As we settle into the COVID-19 pandemic and get used to a new way of life, we now have choices, choices, choices when it comes to mask wearing. Disposable or reusable? Sports masks or fancy anti-ageing masks? 8days.sg got some advice about disposable surgical masks from Dr Teo Wan Lin, dermatologist at TWL Specialist Skin & Laser Centre.
#1: Disposable surgical masks are not biodegradable.
Says Dr Teo: “Disposable masks are usually made from polypropylene, which is a fossil fuel-derived plastic that takes hundreds of years to break down. This is an issue as well with oceanic pollution when microplastics are leached and enter the food chain.” We’d say think twice before you reach for a surgical mask that you’ll dump after one use, even if they may be cheaply and easily available now and lighter and more convenient in that you don’t have to wash them. Imagine the huge amount of non-biodegradable masks there will be in landfills at the end of this pandemic, if everyone wears a disposable mask a day.
#2: In a public setting, it’s not necessary for the average person to use disposable masks.
“It’s absolutely not environmentally-friendly for us to wear surgical masks, and it’s also unnecessary,” says Dr Teo. “In a public setting, wearing of fabric masks is more appropriate. A cloth mask is intended to trap droplets that are released when the wearer talks, coughs or sneezes. If everyone wears a cloth mask, this can help reduce the spread of the virus by people who have COVID-19 but are asymptomatic. Surgical and N95 masks may be in short supply and should be reserved for health care providers. When using cloth face coverings and masks however, care should be taken to use tightly woven materials that will effectively catch droplets.”
#3: Disposable masks cannot be washed and reused.
In the early days of the pandemic here, we all knew people who washed and reused their surgical masks. But now that cloth masks are everywhere and have been given out by the government as well, there is no need or excuse to do that.
#4: Yes, surgical masks expire.
Those who hoarded a million masks (and other things during the Circuit Breaker) should know you can’t keep your masks forever. According to Dr Teo, “Under proper storage conditions in dry and cool environments, the labelled expiration date is usually about 3 years from the date of manufacture. This is of course a recommendation, and tests can always be performed at the end of the expiration date to recertify the function of the material.”
#5: Thicker masks are not better.
Thicker layers mean better protection, right? Not really. Says Dr Teo, “The key feature of a 3-ply surgical mask is the presence of the following layers — the outer water repellant layer, a middle meltblown layer which helps to trap respiratory droplets and an inner soft absorbent layer.” As long as there are those three layers, thickness does not matter.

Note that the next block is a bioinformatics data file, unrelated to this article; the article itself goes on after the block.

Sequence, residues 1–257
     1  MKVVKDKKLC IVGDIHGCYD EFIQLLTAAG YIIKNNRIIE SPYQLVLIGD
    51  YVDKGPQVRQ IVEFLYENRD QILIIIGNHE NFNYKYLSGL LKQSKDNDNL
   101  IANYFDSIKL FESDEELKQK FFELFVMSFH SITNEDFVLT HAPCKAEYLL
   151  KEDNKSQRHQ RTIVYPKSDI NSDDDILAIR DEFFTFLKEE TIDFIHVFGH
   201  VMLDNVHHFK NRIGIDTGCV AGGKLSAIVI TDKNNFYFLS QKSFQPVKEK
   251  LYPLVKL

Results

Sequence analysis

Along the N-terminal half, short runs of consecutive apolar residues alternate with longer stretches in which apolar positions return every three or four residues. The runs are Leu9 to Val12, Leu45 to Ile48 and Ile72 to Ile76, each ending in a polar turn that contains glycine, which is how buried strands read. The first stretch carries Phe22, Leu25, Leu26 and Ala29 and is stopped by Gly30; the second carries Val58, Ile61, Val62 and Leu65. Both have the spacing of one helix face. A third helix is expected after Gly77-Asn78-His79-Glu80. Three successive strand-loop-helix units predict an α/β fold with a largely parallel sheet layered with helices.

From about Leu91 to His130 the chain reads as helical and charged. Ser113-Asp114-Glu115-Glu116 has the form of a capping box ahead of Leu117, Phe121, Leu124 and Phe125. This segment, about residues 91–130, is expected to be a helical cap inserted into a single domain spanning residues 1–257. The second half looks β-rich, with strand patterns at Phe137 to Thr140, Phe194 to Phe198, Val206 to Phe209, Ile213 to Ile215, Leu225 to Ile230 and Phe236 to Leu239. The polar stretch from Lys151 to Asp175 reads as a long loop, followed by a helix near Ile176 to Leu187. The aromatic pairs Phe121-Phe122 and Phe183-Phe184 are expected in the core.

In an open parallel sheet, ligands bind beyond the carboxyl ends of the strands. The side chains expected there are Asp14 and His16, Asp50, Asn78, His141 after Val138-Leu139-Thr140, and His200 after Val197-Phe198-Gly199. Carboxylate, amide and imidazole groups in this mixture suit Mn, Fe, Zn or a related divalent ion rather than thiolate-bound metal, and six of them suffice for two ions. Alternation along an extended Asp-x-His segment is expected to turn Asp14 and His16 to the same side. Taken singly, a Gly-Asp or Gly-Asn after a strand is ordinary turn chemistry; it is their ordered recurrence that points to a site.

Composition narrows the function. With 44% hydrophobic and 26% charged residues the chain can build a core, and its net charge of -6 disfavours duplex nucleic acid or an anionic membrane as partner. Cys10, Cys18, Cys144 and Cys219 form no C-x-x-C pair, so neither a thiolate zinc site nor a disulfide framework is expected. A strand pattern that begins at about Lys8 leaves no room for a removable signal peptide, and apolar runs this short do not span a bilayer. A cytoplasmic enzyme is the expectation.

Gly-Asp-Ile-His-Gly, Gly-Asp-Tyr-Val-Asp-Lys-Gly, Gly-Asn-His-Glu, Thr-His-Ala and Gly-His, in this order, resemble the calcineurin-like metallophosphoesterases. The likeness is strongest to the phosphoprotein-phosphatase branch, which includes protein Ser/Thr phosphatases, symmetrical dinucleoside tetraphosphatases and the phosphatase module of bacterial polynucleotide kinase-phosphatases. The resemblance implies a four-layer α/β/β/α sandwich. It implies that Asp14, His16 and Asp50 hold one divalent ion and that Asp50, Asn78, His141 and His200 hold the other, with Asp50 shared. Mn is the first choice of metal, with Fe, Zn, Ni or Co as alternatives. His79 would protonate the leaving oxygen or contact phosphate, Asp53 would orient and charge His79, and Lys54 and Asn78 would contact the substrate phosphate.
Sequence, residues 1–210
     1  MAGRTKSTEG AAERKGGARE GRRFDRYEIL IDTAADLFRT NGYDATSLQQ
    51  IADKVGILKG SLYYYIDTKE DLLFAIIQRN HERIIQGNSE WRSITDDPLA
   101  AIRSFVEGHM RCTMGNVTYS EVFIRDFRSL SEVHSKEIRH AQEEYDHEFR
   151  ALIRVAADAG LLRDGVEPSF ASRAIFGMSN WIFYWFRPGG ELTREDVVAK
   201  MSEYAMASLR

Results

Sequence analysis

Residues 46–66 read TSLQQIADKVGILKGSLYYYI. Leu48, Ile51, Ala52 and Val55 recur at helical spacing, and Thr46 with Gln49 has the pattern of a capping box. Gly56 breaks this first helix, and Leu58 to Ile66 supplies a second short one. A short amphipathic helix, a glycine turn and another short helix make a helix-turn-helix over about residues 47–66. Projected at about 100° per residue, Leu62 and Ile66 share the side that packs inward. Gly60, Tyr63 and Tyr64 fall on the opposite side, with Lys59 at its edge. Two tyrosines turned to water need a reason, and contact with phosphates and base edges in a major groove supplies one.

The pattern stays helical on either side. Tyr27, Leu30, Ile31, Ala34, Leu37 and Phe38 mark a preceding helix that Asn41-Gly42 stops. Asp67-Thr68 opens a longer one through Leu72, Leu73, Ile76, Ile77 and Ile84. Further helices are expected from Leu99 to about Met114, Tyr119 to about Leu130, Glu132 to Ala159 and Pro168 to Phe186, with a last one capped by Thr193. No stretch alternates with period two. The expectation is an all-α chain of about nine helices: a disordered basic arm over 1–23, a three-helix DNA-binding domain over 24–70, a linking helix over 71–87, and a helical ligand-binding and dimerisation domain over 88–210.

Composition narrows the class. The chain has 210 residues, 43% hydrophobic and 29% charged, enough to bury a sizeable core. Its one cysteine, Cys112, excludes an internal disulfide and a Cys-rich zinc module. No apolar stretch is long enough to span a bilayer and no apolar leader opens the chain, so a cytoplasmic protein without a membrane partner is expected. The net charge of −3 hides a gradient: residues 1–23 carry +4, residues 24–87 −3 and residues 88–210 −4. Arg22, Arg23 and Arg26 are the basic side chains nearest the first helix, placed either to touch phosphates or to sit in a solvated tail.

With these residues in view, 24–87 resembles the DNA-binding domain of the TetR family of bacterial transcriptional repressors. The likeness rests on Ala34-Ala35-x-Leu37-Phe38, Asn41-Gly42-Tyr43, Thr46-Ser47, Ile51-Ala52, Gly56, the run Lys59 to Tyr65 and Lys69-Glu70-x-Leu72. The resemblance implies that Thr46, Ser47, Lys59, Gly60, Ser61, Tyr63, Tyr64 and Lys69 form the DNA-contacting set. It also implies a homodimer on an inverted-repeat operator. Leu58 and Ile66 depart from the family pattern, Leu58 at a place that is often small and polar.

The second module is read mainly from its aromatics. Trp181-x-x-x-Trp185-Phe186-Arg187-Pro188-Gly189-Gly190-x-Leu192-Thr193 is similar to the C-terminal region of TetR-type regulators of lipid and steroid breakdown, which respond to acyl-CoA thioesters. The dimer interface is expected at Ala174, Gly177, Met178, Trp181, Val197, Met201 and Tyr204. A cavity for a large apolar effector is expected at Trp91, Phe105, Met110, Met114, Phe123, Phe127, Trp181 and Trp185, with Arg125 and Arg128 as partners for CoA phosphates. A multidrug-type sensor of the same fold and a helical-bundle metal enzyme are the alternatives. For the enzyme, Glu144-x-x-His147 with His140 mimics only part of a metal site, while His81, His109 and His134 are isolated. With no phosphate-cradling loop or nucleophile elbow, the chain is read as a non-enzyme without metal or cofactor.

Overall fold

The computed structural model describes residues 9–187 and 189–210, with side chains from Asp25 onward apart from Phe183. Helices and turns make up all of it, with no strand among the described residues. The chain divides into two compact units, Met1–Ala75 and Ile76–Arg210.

#6: Yes, it’s okay to throw your surgical mask in the dustbin.
“In the context of surgical masks being used in a healthcare setting only, such masks may be regarded as biohazard waste in high risk environments, along with other PPE. There is no need for members of the public to use surgical masks, and if they do, throwing the mask in the dustbin is a logical way of disposing of it,” says Dr Teo. We’d add that it should be thrown neatly and properly into the bin, preferably wrapped up, and not left hanging from the edge of the bin such that someone else has to touch it, and should definitely not be thrown on the floor.
#7: There’s no official guideline on how to store your mask — surgical or reusable — when you’re eating or drinking, but here are some ideas.
Says Dr Teo: “Removing your mask for separate storage (as is the case for N95 and surgical masks in healthcare, stored in a clean Ziploc bag) increases environmental contamination and is difficult while exercising. It is realistic to recommend the quick act of looping it under the jawline so it can be quickly re-worn. The jawline prevents the mask from falling off and the need for frequent adjustment (i.e. touching the surface of the mask). The other observed method of dangling it off one ear leaves the biofluid-stained inner fabric exposed to the environment.”
#8: Beware of using certain types of N95 masks with valves, as they do not prevent the wearer’s droplets from spreading.
According to Dr Teo, “there are N95 masks with valves that are designed to block the user from inhaling PM2.5 particulate matter — outdoor pollutants and dust, for example — rather than prevent airborne transmission of viruses. The valves are meant to reduce humidity and provide additional comfort for the user. In the case of the COVID pandemic, such masks are dangerous because it is a one-way valve which allows the wearer’s respiratory droplets to spread uninhibited to the environment. The concept of the wearing of cloth masks is meant to stop such droplet transmission, given that asymptomatic carriers of COVID exist widely. Wearing a homemade cloth mask or any other fabric covering that catches one’s droplets would be recommended over such a mask with a valve, which actually facilitates the spread of COVID-19.”
Dr Teo is particularly worried about erroneous info on social media which recommend such masks as comfortable alternatives with “better breathability” than fabric face masks, as well as certain masks being marketed as “N95 filter sports masks”, which is being sold in sports shops. She says, “The medical consensus currently is to avoid wearing face masks altogether when exercising, as the lack of oxygen may be dangerous for certain individuals. The valves [in such N95 filter sports masks] certainly help with increased comfort and breathability for the individual, but have zero relevance in the current context of pandemic control.”
Photos: Celine Tan / 8days.sg